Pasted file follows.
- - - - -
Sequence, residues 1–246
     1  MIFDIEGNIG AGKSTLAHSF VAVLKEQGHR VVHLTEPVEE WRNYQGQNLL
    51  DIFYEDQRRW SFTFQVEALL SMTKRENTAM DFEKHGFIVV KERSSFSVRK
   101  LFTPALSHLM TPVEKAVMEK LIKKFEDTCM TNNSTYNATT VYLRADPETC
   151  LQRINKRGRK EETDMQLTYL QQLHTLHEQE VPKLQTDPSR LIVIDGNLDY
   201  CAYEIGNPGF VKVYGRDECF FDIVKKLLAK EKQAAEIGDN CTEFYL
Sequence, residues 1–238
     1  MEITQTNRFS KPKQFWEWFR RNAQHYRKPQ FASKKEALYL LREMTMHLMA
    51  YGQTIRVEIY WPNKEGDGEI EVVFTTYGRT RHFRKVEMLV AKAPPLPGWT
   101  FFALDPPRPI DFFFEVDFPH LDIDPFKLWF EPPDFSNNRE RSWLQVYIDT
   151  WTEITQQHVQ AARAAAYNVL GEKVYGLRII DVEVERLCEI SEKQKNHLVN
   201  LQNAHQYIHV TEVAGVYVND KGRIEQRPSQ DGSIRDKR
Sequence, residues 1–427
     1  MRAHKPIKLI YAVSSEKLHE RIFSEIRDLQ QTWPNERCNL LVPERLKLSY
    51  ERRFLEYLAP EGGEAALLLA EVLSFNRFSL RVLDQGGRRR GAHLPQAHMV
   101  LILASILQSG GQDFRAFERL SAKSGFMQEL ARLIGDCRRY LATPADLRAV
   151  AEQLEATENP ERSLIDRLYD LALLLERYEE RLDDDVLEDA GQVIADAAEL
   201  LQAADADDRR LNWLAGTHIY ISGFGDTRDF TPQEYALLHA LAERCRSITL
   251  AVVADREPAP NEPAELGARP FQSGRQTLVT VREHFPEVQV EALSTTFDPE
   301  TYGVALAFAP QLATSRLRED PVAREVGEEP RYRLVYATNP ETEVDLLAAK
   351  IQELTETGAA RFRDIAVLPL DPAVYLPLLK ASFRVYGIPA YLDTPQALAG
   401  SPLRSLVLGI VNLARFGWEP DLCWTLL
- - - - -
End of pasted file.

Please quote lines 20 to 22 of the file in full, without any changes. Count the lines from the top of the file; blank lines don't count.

   301  TYGVALAFAP QLATSRLRED PVAREVGEEP RYRLVYATNP ETEVDLLAAK
   351  IQELTETGAA RFRDIAVLPL DPAVYLPLLK ASFRVYGIPA YLDTPQALAG
   401  SPLRSLVLGI VNLARFGWEP DLCWTLL